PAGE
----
Tequila regulatory body stresses the importance of respecting Geographical Indications of origin

17 March, 2021

Picture this scenario: a world-famous alcoholic drinks brand launches what it calls a “Tequila-flavoured” product, with the aim of persuading consumers that they are enjoying a drink with the purest expression of the country of Mexico.

Imagining that they are experiencing the authentic taste of Tequila, the consumer is transported thousands of miles from their home in Germany, or France, or the UK – all the way to the agave fields of Mexico. It’s hardly surprising that the product becomes a huge success.

But there’s a problem. Despite what it says on the label, the product does not contain authentic Tequila, and it isn’t authorised to use the Tequila Geographical Indication (GI) by the Mexican Government. Instead, it disrespects Tequila’s good name by transforming this great drink into nothing more than a commercial flavouring agent. Ask yourself: would this be fair?

It takes centuries, and a combination of proud tradition and great craftsmanship, for each region to develop the local products that become its essence. This unique expression of place and local identity unites all those who are part of it, and recognises and rewards their hard work and skill. It also offers the consumer a guarantee of quality and authenticity.

So, when someone violates the rules in order to exploit the reputation of a product recognised and protected by its GI or Denomination of Origin, it’s more than just an assault on the efforts of all the people involved in upholding that product’s long heritage and tradition.

It is nothing less than an attack that threatens the entire regulatory framework of GIs and Appellations of Origin throughout Europe. After all, if the precise purpose of this framework is to protect products from copycats and imitators, how can such a threat be allowed to go unchallenged?

There are more than 300 protected GI names for spirit drinks in the UK alone, from multi-billion dollar industries such as Scotch whisky and Cognac, to the proud tradition of local products like the grappas of Italy, the aquavits of the Nordics and the fruit liqueurs of central Europe. In the European Union as a whole, there are something like 3,500 appellations of origin in total. Their combined value? A total of up to EUR75trn a year.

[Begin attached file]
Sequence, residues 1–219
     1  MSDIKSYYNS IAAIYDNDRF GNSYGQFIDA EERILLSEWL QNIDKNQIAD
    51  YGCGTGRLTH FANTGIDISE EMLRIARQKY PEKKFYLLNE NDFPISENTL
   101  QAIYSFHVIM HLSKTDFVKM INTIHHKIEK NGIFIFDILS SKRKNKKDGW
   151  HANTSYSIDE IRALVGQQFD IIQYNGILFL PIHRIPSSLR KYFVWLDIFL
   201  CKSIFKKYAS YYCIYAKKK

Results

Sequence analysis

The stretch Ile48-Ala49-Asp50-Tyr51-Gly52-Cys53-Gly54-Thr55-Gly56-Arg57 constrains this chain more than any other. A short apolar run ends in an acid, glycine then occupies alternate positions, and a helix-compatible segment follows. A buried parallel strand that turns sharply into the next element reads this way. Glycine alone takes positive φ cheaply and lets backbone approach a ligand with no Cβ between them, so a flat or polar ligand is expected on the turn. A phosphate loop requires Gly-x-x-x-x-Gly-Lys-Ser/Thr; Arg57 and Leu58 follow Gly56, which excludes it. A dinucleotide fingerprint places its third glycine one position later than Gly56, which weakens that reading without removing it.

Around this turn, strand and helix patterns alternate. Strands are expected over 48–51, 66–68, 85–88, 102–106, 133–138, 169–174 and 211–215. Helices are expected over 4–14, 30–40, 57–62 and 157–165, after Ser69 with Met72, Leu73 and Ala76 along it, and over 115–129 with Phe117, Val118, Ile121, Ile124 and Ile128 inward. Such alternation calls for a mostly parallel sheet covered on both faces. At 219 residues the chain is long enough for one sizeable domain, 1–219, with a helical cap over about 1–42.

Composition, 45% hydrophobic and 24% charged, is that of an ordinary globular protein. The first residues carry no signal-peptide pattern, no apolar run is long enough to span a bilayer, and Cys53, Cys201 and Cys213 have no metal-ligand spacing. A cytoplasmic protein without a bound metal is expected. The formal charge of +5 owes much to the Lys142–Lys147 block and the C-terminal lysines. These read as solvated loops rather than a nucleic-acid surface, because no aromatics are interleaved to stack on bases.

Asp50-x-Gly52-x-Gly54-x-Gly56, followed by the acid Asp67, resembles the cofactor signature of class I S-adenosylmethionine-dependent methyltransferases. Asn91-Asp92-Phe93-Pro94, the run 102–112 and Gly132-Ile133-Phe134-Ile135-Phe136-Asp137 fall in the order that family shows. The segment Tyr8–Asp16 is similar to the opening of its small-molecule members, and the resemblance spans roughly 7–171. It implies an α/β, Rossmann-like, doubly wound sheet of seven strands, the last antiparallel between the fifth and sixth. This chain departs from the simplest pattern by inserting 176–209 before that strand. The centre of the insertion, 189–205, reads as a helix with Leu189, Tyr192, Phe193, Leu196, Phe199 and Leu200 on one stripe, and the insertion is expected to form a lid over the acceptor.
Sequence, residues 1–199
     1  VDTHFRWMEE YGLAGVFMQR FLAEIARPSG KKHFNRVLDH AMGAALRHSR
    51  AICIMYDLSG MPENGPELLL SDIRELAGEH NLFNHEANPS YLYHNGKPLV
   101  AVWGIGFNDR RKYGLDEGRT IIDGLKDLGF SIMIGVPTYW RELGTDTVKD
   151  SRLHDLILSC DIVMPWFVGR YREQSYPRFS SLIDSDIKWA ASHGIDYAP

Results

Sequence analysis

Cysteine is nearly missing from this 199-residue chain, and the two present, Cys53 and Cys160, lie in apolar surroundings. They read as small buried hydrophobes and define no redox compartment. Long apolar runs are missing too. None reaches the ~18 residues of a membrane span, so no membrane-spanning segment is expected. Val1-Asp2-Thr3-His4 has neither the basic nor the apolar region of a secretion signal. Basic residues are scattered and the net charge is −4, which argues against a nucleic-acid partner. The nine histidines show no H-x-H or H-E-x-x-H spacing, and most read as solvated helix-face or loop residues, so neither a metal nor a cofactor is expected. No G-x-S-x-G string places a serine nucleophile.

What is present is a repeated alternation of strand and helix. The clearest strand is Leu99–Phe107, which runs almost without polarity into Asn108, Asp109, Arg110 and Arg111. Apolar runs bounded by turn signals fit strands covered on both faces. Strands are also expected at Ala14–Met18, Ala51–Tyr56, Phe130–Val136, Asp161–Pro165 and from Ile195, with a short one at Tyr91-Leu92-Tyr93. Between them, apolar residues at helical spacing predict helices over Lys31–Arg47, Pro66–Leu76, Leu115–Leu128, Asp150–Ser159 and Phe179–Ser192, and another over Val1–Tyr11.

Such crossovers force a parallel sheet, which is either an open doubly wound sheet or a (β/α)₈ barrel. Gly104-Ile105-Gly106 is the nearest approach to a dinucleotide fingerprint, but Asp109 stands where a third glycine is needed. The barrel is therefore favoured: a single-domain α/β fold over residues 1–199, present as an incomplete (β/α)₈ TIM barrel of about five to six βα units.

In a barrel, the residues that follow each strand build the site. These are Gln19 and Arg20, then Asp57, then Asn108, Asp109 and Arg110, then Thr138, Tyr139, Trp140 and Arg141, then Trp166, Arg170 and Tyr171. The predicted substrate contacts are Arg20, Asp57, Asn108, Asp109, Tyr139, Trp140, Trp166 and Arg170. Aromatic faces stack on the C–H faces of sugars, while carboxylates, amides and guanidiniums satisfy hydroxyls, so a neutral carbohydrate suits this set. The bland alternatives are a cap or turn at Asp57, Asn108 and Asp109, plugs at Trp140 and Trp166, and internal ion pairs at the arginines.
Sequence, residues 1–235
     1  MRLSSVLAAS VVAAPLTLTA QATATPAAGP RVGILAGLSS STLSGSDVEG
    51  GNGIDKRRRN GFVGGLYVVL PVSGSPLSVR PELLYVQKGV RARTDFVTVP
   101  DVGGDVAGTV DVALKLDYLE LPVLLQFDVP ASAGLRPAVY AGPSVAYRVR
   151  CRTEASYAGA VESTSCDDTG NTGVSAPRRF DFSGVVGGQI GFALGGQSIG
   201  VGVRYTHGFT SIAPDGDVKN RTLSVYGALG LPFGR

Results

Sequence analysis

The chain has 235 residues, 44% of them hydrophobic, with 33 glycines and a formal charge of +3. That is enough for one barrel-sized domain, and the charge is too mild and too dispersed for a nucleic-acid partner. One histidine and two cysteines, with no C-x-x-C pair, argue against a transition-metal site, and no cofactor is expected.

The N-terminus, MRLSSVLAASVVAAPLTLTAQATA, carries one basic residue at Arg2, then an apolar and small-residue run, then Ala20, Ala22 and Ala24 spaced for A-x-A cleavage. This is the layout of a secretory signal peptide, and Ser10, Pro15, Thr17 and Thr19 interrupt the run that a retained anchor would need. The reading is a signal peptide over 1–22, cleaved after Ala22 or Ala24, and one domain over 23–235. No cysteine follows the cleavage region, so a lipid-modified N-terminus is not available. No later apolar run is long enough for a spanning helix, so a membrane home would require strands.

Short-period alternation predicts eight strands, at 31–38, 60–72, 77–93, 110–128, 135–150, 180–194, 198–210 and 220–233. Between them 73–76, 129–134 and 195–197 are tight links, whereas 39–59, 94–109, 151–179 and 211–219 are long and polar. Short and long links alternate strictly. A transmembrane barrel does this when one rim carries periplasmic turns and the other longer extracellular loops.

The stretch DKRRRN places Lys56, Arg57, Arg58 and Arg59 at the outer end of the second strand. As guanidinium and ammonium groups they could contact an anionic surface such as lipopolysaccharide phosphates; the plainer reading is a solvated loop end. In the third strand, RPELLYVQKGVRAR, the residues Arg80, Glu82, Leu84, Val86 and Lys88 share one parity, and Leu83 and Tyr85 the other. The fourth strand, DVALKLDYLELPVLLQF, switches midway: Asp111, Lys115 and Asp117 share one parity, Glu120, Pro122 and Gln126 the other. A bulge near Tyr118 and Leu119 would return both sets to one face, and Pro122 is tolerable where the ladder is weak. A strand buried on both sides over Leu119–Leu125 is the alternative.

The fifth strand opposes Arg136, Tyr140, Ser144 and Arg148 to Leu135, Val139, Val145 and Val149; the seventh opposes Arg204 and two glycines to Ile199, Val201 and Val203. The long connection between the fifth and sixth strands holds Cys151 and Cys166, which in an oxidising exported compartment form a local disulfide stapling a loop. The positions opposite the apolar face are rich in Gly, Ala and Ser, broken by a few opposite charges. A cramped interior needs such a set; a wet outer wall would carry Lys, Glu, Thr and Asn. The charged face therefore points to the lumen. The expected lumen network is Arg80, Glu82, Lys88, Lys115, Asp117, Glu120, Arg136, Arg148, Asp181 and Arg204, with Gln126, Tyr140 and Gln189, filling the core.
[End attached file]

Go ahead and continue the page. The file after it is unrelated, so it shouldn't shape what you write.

In its simplest form, a Denomination of Origin is a label that tells a consumer where a product comes from. But it’s much more than that: GIs give everyone in the supply chain – no matter how big or small – a guarantee of that product’s specific origin and, in turn, an exclusive identity that will attract the consumer. The contribution that such products make to the local industries that create them is huge, as is the recognition they offer.

Such a violation of European Union legislation doesn’t just pose a risk to the system of Appellations of Origin in Europe; it also threatens the livelihoods of all the families, farmers, producers and workers involved in making the product in the first place.

What is more, it is a strike against the hard work of governments and regulatory authorities to ensure that GI and appellation rules of origin are complied with. Any attack on such a certified product, wherever in the world it takes place, is an assault on a long chain of companies, authorities and individuals involved in the creation and protection of that product.

The GI protection model adopted by Mexico and by many other countries around the world was inspired by and aims to emulate the model developed in the European Union. It has been a great success in Mexico not only for Tequila, but for all of the 18 Denominations of Origin that now exist in the country.

For Tequila, it protects the livelihoods of more than 70,000 families directly involved in Tequila production, and more than 20,000 farmers, providing a huge boost to the regional economy and tourism. In short, Tequila has become one of the most important and emblematic products in Mexico – but now that hard-won status is under threat.

Preserving and protecting the system of Protected Appellations of Origin and Geographical Indications is the fundamental duty of all of those involved in the supply chain. By doing so, they offer a guarantee of the quality, authenticity and origin of all GI products, in the EU and beyond. They also allow the consumer to taste, discover and enjoy the culture and tradition – the essence, if you will – of a truly authentic local product.





Digital Edition

Drinks International digital edition is available ahead of the printed magazine. Don’t miss out, make sure you subscribe today to access the digital edition and all archived editions of Drinks International as part of your subscription.

Comment

Nick Strangeway

Safety is paramount for female bar staff

Nick Strangeway on the duty of care which bars must have to their female staff and customers.

Instagram

Facebook